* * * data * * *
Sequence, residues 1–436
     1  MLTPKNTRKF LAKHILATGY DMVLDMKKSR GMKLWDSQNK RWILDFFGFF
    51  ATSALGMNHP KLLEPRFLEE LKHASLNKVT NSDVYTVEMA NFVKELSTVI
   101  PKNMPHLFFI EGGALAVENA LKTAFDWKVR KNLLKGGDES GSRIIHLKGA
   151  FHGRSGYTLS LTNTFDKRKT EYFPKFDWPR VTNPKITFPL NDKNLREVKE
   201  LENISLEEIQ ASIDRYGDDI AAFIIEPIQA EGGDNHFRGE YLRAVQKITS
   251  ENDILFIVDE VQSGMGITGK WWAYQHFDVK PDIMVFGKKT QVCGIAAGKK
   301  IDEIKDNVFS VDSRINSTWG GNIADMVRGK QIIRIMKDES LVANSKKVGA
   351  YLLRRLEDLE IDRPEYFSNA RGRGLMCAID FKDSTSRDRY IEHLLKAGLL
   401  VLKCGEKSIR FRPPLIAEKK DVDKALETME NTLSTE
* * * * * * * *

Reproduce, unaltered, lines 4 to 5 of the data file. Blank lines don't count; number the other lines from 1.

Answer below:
   101  PKNMPHLFFI EGGALAVENA LKTAFDWKVR KNLLKGGDES GSRIIHLKGA
   151  FHGRSGYTLS LTNTFDKRKT EYFPKFDWPR VTNPKITFPL NDKNLREVKE